|Instructor:||Norman Ramsey, Halligan 222|
At this point the main resources for the class are the syllabus and schedule. I am hoping to write software that will make it easier to get to the readings.
In the real world, events are uncertain. To reason about uncertain events, we compute with probability (and also statistics). Over the past 20 years, people who write probabilistic computations have increasingly designed, built, and used special-purpose, probabilistic programming languages. The popularity of this approach can be seen in the long list of such languages used in industry and in research: Anglican, AutoBayes, Alchemy, Blaise, BLOG, BUGS, Church, Csoft, FACTORIE, Figaro, Fun, Hakaru, HANSEI, HBC, IBAL, Lambda-circle, Probabilistic cc, PFP, Probabilistic Scheme, and Wolfe.
To give you the flavor of the kind of problem these languages are intended to solve, here is a sketch of a probabilistic program:
It is easy to write an interpreter that can run this program forward and answer the question “what is the probability that the grass is wet.” This is not interesting. The interesting thing to do is to take this program and ask, “given that I see the grass is wet, what is the probability that it rained?” (Answer: about 47%). The interesting computations involve inference, which reasons backwards from effects to causes:
Given the words in this message, what is the probability that it is spam?
Given the bits in this scanned image, what is the probability that it is the cover page of bkolta01’s final exam?
Given a set of sonar echoes, what is the most likely location of my robot?
Given a sequence of French words, what is the most likely English translation?
Given a set of tournament results, what is the most likely ranking of the tournament players?
Most of the languages listed above have been designed and implemented by people whose primary expertise is machine learning, not programming languages. The primary goals of the course are:
To understand, in a way that you can relate to your experience in computing, the problem that the designers of probabilistic languages are trying to solve.
To see that parts of the problem yield to a combination of 19th-century mathematics and 21st-century program analysis.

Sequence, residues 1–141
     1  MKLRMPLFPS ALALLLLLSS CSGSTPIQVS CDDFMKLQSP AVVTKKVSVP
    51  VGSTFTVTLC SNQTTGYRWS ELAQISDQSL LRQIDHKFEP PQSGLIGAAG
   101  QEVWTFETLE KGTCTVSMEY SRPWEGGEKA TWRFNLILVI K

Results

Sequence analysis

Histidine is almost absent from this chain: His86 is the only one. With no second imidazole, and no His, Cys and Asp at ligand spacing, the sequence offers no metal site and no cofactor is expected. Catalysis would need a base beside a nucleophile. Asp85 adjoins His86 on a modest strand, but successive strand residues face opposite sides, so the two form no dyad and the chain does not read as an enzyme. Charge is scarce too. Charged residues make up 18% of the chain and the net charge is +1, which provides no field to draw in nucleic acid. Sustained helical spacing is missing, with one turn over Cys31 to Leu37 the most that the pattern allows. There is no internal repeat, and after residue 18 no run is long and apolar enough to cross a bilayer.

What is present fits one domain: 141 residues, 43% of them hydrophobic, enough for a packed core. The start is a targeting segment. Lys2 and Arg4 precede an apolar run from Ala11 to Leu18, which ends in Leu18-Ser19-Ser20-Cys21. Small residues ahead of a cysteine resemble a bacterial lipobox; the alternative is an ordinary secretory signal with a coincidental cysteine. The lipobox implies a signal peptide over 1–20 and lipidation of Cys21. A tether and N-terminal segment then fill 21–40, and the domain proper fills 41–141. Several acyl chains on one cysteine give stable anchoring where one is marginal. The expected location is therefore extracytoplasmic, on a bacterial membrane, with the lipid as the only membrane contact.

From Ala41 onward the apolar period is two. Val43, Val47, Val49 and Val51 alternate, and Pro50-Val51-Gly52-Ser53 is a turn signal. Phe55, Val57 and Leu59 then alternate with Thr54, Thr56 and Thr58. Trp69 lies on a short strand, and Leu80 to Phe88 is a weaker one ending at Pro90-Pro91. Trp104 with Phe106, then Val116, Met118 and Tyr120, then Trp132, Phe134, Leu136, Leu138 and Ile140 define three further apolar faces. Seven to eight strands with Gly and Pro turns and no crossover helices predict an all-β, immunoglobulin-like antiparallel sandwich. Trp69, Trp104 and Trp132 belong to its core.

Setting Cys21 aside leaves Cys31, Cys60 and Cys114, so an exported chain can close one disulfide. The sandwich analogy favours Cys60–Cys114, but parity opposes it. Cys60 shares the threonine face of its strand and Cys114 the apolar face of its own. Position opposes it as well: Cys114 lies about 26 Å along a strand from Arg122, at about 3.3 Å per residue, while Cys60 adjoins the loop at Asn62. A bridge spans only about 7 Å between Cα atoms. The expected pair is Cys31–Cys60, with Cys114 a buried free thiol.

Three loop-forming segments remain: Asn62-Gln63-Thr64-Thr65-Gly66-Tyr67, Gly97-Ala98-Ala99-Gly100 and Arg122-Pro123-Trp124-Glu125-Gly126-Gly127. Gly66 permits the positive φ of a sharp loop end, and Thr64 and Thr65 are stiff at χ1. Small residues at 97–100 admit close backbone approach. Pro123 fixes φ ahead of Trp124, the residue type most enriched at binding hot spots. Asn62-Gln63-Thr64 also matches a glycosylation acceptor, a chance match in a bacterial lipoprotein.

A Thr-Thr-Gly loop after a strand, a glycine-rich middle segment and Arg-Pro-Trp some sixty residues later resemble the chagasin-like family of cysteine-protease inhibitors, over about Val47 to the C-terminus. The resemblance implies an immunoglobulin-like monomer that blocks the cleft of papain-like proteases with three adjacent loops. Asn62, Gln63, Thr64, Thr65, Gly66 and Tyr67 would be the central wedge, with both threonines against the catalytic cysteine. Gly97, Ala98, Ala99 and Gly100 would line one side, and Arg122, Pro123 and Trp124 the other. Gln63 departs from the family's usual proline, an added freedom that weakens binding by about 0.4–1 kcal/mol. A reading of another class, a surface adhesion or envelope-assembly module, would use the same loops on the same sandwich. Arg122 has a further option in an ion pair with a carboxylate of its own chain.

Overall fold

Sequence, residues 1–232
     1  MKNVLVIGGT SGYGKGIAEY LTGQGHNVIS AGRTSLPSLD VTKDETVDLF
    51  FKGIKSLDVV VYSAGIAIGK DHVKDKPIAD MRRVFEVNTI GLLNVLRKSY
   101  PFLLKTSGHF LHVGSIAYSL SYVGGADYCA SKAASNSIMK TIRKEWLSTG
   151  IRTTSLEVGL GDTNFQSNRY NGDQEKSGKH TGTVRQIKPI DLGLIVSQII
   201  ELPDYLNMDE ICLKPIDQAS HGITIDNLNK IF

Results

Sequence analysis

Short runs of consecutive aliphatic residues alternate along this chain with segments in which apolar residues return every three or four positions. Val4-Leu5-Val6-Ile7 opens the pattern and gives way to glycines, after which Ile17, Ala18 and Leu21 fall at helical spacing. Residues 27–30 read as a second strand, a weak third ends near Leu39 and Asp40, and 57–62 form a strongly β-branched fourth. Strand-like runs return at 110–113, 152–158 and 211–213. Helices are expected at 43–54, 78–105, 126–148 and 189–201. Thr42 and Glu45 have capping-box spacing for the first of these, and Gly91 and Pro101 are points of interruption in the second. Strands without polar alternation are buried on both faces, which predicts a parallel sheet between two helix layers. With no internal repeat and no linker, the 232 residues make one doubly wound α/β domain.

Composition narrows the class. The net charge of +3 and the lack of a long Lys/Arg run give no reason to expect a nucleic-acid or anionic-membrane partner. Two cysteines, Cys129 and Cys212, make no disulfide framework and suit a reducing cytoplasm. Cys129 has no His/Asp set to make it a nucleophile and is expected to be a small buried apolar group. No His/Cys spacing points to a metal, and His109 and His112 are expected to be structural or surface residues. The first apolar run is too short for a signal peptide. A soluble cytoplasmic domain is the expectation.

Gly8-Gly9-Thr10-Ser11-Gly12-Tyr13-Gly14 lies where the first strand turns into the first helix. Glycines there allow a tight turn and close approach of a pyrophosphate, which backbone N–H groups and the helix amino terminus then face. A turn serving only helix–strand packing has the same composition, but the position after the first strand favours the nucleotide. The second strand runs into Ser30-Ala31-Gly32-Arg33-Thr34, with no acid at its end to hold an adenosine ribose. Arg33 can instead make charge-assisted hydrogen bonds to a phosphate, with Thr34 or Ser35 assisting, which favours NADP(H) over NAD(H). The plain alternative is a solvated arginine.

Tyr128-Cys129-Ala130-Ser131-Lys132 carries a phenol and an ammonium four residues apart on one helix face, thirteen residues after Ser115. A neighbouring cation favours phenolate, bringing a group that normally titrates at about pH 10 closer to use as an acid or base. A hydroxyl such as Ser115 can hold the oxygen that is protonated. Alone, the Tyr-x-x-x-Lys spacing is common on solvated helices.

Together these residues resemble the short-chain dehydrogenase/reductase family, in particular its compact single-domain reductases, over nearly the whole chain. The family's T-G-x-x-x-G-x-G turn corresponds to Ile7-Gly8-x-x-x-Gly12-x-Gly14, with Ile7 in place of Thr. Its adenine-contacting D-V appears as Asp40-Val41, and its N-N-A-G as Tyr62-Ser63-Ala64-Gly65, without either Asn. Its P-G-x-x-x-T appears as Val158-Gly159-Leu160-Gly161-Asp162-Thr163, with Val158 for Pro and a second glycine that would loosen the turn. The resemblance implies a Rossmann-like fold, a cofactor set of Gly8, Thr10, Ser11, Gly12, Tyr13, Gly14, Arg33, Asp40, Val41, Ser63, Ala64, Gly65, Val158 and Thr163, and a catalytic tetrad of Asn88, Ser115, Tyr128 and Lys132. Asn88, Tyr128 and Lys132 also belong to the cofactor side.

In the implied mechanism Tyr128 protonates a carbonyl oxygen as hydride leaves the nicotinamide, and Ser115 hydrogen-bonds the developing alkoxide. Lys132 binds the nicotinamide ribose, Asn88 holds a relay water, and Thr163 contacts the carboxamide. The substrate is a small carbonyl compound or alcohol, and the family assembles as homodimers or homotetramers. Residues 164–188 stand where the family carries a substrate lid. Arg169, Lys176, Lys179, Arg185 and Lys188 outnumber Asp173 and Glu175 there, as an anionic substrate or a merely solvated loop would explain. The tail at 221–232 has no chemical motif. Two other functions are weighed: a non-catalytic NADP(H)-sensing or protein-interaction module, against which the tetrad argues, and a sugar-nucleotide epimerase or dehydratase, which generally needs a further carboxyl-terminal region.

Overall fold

To see how, despite the satisfying mathematical underpinnings, the existing solutions to the problem are diverse and are, at least to a degree, unsatisfying.
We will also learn something about how probabilistic programs can be analyzed.
The pace of the course will be relatively slow. The course will be designed to help students achieve one or two goals in depth, not to give a breathless survey of the entire field.
Class will meet twice a week and will proceed in two phases:
Introduction to probabilistic languages from the programming-language perspective. This phase will include review of relevant material from COMP 105 (Programming Languages) and of the fundamentals of probability. It will then proceed to reading and discussion of primary sources about probabilistic programming languages.
In the second phase, we will emphasize relatively technical papers from the programming-language literature, occasionally leavened by relatively applied papers from the machine-learning literature.
Each student is expected to undertake one project for the semester. The project may be undertaken alone or in teams of any size. Any project related to probabilistic programming language is acceptable. Ideas might include
Building a proof-of-concept application around a probabilistic program
Building a proof-of-concept implementation of a probabilistic language
Developing a type system or program analysis that can be applied to probabilistic programs
Developing formal semantics for probabilistic languages— possibilities might include an extension of an existing semantics, a new semantics for an existing language, or a new language design with formal semantics
Grades will be based on class participation and on a contribution to an engaging project. There will be no examinations. To earn credit for class participation, students will be expected to engage in class discussion about readings and problems. Students will also solve small programming problems or probability problems outside of class and to come to class prepared to share solutions. Such problems will count toward class participation but will not otherwise be graded.
More information about everything is in the syllabus.
Prerequisite: COMP 105 (Programming Languages).
Here are a number of languages and systems that are interesting potential substrates for a project. The systems that are most mature and most friendly to beginners are listed first:
WebPPL is the implementation language of the electronic book The Design and Implementation of Probabilistic Programming Languages.
Church is Scheme-like language with probabilistic semantics. I have my issues with the computational model, but it is the foundation of many other projects. An extensive tutorial can be found in the electronic book Probabilistic Models of Cognition.
Hakaru is a probabilistic language embedded in Haskell. Its distinctive feature is that it can do exact inference by symbolic analysis. We will read about this inference in class.
Probabilistic C is intended as a compilation target for higher-level probabilistic languages. It is surprising how much can be accomplished by adding just a couple of primitives to C—and by exploiting parallelism.
Wolfe is a probabilistic language embedded in Scala. It has a particularly clean way of talking about probabilistic domains.
A longer list, with other commentary, can be found at